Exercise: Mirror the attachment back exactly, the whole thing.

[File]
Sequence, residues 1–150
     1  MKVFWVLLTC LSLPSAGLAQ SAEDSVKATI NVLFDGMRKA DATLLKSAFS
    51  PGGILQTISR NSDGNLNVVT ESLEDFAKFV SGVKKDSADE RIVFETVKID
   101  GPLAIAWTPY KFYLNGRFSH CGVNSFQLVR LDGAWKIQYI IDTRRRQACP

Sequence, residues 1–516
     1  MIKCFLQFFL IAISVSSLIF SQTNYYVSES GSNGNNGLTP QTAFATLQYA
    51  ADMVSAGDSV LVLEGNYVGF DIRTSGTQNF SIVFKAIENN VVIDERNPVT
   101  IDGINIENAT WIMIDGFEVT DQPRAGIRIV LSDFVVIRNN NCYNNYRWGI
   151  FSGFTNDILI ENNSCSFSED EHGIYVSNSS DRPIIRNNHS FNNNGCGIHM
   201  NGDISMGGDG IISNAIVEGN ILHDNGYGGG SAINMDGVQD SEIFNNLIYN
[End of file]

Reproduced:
Sequence, residues 1–150
     1  MKVFWVLLTC LSLPSAGLAQ SAEDSVKATI NVLFDGMRKA DATLLKSAFS
    51  PGGILQTISR NSDGNLNVVT ESLEDFAKFV SGVKKDSADE RIVFETVKID
   101  GPLAIAWTPY KFYLNGRFSH CGVNSFQLVR LDGAWKIQYI IDTRRRQACP

Sequence, residues 1–516
     1  MIKCFLQFFL IAISVSSLIF SQTNYYVSES GSNGNNGLTP QTAFATLQYA
    51  ADMVSAGDSV LVLEGNYVGF DIRTSGTQNF SIVFKAIENN VVIDERNPVT
   101  IDGINIENAT WIMIDGFEVT DQPRAGIRIV LSDFVVIRNN NCYNNYRWGI
   151  FSGFTNDILI ENNSCSFSED EHGIYVSNSS DRPIIRNNHS FNNNGCGIHM
   201  NGDISMGGDG IISNAIVEGN ILHDNGYGGG SAINMDGVQD SEIFNNLIYN